DCN February 2017 - Page 62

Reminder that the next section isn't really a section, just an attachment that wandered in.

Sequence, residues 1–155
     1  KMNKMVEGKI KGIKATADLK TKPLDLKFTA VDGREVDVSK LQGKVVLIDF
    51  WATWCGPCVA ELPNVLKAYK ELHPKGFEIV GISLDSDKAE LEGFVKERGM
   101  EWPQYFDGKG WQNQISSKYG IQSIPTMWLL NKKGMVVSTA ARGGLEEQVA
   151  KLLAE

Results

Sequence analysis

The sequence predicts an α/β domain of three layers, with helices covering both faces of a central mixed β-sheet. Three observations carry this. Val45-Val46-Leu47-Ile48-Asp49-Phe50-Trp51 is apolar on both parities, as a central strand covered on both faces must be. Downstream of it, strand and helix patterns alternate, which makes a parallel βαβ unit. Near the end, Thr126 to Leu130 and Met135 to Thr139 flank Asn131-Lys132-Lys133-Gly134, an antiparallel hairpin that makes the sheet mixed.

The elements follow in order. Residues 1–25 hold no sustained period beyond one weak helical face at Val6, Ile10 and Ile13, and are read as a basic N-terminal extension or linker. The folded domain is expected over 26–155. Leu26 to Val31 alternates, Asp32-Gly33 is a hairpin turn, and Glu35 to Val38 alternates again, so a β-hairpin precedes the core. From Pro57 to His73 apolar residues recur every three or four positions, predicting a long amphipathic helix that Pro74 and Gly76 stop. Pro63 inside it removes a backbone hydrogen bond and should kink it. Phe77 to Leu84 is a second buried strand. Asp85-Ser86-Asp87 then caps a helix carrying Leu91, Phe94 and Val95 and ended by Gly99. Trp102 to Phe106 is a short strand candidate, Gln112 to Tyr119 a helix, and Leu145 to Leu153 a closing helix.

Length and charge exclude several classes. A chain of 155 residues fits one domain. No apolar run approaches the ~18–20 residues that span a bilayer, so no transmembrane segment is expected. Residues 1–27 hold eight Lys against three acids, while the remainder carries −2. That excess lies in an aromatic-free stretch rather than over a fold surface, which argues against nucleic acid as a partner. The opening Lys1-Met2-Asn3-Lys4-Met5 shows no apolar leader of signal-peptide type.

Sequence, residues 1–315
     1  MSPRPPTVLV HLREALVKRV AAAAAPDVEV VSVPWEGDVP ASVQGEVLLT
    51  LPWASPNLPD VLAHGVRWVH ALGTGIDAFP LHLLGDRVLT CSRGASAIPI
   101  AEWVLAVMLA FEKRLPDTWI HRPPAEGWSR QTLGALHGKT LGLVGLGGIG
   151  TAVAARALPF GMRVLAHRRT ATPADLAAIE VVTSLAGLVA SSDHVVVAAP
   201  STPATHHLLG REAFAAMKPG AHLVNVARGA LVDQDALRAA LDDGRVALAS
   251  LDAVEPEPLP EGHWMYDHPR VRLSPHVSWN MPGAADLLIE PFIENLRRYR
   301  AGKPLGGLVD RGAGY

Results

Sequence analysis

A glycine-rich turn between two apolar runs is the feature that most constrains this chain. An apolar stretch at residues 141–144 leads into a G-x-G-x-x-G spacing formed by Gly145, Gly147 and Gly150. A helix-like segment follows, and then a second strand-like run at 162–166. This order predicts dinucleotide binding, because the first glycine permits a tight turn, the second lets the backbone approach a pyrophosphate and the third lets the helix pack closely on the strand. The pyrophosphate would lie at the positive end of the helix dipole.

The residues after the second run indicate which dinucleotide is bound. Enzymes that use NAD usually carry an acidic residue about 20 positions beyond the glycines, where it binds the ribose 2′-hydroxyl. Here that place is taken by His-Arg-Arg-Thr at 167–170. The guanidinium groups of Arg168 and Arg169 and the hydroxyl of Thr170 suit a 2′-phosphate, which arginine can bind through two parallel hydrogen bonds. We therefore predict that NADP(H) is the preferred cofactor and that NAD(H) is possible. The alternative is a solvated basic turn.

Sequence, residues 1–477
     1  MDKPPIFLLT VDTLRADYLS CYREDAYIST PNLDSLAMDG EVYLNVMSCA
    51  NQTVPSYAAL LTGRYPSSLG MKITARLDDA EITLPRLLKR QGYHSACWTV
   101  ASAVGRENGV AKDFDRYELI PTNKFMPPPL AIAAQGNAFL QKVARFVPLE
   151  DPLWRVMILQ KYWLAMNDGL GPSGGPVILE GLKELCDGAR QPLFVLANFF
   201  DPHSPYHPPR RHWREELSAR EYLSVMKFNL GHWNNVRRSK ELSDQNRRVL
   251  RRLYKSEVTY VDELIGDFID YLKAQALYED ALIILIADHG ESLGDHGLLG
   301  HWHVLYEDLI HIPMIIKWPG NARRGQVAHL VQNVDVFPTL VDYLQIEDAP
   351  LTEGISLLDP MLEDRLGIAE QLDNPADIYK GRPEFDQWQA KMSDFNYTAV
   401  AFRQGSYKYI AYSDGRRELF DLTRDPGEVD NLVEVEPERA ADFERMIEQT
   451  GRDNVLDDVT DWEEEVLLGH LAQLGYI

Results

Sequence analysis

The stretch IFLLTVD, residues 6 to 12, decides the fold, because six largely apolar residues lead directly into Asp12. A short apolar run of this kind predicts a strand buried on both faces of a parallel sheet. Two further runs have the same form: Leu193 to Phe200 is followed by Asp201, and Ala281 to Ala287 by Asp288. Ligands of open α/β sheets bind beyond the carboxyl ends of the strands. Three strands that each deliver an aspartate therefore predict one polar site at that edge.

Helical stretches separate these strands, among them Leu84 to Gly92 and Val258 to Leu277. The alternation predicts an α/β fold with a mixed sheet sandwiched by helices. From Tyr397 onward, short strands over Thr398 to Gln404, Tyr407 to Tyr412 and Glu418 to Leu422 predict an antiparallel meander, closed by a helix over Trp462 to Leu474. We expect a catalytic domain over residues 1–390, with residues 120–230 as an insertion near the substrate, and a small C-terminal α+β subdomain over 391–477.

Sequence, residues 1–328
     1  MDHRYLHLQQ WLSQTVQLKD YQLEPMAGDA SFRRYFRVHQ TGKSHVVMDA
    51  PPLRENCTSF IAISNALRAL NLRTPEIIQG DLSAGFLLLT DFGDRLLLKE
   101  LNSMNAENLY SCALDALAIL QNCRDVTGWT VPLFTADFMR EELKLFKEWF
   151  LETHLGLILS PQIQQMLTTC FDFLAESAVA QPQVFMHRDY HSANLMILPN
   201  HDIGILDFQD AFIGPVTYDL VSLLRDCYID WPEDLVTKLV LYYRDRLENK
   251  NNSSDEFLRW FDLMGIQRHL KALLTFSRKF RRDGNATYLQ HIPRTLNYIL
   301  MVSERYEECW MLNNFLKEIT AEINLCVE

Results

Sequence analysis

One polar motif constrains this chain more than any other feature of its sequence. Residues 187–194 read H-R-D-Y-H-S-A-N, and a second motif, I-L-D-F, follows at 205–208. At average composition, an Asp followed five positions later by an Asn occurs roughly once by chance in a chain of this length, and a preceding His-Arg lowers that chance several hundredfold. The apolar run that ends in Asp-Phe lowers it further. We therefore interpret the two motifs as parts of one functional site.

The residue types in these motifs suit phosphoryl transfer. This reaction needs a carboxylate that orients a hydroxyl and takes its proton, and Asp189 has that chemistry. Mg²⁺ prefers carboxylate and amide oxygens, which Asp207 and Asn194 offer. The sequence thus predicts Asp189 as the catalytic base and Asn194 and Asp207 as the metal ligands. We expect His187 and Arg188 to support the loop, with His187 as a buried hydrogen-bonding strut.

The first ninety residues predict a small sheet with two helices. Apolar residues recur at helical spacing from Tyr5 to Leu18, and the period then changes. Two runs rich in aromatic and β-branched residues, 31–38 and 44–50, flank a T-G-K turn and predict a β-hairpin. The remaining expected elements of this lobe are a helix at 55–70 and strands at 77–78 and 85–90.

final thought MOVING WITH THE TIMES Shaun Lynn, CEO of Agilitas, gives his views on the changing data centre environment. Data centres continue to become ever more prominent in the UK as our ‘always-on’ digital world continues to demand access to applications and its associated data. Cloud adoption has fostered the growth of Software-asa-Service (SaaS) tools and platforms, the data of which requires significant storage capacity and processing power to operate. Within businesses, the cloud has encouraged a somewhat ‘out of sight, out of mind’ mentality, in which buyers see migrating as a means to free up physical space and hand over the reins for supporting elements of their infrastructure. Although valid, the perception has meant that some outside of the industry are unaware of their continued reliance on data centres or the changing data centre environment. The challenge for the IT industry is simply how to move with a changing environment. As we look to the future, staying ahead of the curve and dealing with disruption will be key to success. These are the main areas in which I’m expecting to see significant changes: Data centres heading outside Data centres are seeing centralisation nationally. The continued growth of cloud technology has meant that large tech firms, resellers and service providers are all continuing to build. In recent months, Microsoft, IBM and Amazon have all announced or opened new data centres in the UK. The trend is further supported by our own commissioned research that highlights where the IT reselling channel is heading as we approach 2020. Leaders expect over half of their data centre support contracts to be located away from customer premises by 2020. The growth in demand for data centres and hardware is therefore likely to increase as cloud dependency rises, and it should be viewed as a positive trend. Multi-vendor solutions A trend we’ve noticed in our role managing IT spares inventory is a reduction in the number of customers concerned with brand names. In the past, the name on the box has acted as one of the primary selling points for hardware. This has changed though, as system performance and reliability have become the main focus of both IT and data centre solutions and technology, and these factors are now more comparable amongst manufacturers. Interestingly, our research has revealed IT resellers expect to be selling 35 per cent more multi-vendor solutions, into business and data centre customers by 2020. And just 20 per cent believe single solution driven operations are set to be a business priority by 2020. Access to parts With performance becoming one of, if not the highest priority across IT, innovative support strategies and access to parts is likely to 62